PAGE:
Catalysis Science & Technology Emerging Investigator- Esteban Mejía

Esteban Mejía studied chemistry at National University of Colombia in Bogota, where he also obtained his master’s degree with focus in polymer chemistry. In 2008 he moved to Switzerland to pursue his PhD in homogeneous catalysis at the ETH Zurich under the supervision of Antonio Togni. In 2012 he joined the group of Matthias Beller at the Leibniz Institute for Catalysis (LIKAT) in Rostock (Germany) as a postdoc. Later, he joined the group of Udo Kragl as senior scientist. In 2014 he started his independent career at LIKAT where he completed his Habilitation in 2020 (German equivalent to tenured professorship). He is currently leader of the group of Biocatalysis & Polymer Chemistry at the same institution and coordinator of the bilateral project (Rostock and Hanoi): RoHan – Catalysis SDG Graduate School. His current research focuses on homogeneous and heterogeneous catalysis, photochemistry, organometallic chemistry, polymers, materials, and sustainability.

Read Esteban’s Open Access Emerging Investigator article, ‘Highly Active Heterogenous Hydrogenation Catalysts Prepared from Cobalt Complexes and Rice Husk Waste’, DOI: 10.1039/D2CY00005A and find out more about Esteban and his work in our interview.


How do you feel about Catalysis Science & Technology as a place to publish research on this topic?

Catalysis Science & Technology offers a perfect milieu for both fundamental researches, as well as application-oriented technologies. For projects like this one, where the realization/implementation of the developed processes is our ultimate goal, and at the same time we aim to reach the broadest readership possible, it only makes sense to publish it here.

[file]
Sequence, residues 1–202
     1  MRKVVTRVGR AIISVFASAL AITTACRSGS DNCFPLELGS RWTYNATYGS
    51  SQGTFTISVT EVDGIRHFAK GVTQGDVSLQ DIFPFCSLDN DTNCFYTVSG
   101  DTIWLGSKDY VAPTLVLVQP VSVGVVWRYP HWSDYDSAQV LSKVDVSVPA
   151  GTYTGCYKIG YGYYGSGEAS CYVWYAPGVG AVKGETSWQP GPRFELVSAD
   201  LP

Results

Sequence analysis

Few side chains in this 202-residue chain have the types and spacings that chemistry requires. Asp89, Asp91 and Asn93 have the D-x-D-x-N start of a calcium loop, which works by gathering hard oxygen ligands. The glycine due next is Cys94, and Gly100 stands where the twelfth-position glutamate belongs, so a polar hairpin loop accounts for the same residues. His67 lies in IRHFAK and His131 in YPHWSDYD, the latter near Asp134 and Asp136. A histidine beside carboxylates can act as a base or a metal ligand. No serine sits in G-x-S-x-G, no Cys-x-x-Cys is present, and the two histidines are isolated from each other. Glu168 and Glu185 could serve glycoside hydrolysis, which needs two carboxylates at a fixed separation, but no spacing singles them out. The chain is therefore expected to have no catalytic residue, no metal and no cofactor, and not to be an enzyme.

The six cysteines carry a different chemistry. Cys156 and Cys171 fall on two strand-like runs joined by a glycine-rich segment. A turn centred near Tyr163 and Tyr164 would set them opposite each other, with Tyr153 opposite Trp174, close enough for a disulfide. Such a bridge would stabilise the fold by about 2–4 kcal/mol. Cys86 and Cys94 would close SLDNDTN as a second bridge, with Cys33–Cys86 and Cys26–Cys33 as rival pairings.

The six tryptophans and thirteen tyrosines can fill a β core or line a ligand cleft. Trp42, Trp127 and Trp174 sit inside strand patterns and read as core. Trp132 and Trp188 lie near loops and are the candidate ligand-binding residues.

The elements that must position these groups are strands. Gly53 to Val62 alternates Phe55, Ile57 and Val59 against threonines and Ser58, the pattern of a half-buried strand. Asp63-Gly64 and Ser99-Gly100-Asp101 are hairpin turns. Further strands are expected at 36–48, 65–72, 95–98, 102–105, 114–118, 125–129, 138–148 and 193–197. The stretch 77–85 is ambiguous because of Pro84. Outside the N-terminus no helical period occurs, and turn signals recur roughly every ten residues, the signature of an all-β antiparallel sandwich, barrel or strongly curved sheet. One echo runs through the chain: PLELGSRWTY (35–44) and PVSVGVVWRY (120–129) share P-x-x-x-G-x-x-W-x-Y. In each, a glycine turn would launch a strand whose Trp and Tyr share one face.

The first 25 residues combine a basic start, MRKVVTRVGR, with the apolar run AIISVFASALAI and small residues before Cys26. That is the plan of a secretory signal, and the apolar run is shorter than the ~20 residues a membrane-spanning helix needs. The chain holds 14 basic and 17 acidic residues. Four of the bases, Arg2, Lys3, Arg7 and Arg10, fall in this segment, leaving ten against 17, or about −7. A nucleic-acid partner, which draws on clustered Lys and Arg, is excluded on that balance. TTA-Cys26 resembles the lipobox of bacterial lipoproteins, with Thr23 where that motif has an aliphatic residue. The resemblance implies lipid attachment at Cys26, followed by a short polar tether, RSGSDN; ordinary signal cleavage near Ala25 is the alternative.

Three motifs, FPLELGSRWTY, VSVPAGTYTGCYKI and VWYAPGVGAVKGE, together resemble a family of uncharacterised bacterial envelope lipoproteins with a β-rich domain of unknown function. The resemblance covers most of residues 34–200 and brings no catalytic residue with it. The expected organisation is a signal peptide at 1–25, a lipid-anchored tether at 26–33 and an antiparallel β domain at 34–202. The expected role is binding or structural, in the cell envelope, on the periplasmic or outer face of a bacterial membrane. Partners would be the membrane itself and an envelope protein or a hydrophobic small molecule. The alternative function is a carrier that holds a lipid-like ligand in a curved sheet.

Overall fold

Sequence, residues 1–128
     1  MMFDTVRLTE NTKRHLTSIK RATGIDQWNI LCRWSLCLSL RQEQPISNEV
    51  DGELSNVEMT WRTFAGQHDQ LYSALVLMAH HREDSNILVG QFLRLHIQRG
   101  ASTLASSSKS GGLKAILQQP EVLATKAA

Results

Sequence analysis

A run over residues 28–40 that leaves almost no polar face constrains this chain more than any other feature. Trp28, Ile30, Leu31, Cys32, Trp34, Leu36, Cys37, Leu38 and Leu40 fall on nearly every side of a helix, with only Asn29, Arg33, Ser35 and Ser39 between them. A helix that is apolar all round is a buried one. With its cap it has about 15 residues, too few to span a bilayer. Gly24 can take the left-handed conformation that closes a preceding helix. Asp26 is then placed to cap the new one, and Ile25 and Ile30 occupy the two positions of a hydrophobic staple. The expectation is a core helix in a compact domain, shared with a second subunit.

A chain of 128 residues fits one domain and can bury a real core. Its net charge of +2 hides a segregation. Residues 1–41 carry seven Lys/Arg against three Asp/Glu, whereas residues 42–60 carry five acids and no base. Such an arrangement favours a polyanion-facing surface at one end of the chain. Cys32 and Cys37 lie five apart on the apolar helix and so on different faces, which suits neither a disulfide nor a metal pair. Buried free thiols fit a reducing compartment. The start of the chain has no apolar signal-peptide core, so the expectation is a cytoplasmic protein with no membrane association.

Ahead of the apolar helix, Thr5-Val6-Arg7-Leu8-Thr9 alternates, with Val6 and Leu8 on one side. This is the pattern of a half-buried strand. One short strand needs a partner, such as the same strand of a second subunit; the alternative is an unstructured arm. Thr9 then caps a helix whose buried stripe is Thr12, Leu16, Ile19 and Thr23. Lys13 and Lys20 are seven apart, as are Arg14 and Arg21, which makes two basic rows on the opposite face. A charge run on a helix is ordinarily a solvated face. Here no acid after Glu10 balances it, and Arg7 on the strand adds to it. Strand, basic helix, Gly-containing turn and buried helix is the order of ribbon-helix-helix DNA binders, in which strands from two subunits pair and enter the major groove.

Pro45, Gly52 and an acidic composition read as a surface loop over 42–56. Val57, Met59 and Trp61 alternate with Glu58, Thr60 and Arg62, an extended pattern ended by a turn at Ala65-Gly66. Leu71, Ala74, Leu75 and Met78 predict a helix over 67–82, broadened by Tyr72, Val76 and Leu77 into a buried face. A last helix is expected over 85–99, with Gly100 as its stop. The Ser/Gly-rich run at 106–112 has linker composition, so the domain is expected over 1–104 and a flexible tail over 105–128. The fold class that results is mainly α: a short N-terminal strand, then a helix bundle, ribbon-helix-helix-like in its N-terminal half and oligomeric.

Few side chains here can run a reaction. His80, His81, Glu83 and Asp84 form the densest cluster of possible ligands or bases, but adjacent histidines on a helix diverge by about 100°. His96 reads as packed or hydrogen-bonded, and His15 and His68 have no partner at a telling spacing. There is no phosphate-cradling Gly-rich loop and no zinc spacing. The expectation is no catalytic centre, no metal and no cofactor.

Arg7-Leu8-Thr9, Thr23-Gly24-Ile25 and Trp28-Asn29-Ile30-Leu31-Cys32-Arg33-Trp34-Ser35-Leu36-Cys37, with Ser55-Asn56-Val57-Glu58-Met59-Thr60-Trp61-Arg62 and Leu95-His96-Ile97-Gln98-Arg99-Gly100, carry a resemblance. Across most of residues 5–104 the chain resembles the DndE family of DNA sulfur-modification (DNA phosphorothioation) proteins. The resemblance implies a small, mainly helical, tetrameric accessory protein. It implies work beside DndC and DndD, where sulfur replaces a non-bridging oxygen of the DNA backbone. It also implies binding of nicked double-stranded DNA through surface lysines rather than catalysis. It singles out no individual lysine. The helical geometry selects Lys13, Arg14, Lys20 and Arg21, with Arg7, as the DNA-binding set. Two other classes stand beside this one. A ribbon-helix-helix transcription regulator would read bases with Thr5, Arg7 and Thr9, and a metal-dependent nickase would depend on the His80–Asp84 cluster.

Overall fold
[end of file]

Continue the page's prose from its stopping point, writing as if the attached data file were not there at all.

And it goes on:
What aspect of your work are you most excited about at the moment and what do you find most challenging about your research?

I am certainly excited about seeing our catalysts someday being used in “real-life” applications, and our developed process being used to tackle the technological challenges we devise them for. However, to successfully jump from the bench to the pilot plant is certainly a challenge that requires more than good ideas and generous funding. Most of the time are social or political hurdles (or simply the people’s mindset) the highest activation barriers that we need to surmount.


In your opinion, what are the most important questions to be asked/answered in this field of research?

In my opinion, in the field of green chemistry, the most important questions one must ask are “how does this research/process contributes to the overall picture?”, “does it really makes an improvement to status quo?” Apart from the exciting science, it is important to keep always an eye on sustainability aspects like mass-balances, energy consumption, carbon footprint, etc. The achievement of our sustainability goals is only possible by addressing catalysis in a holistic manner.


Can you share one piece of career-related advice or wisdom with other early career scientists?

When performing an experiment and assessing the results, you can have two options: either you get what you like, or you like what you get. Every time you interrogate a system you obtain a bit of information that eventually fits in your hypothesis, or helps to refine it or reformulate it. So, don’t get discouraged if you don’t get what you were looking for! Every piece of data is valuable! there are no such things as “bad results”!


Find out more about Esteban’s recent work on his group website

You can also follow Esteban on LinkedIn

Digg This
Reddit This
Stumble Now!
Share on Facebook
Bookmark this on Delicious
Share on LinkedIn
Bookmark this on Technorati
Post on Twitter
Google Buzz (aka. Google Reader)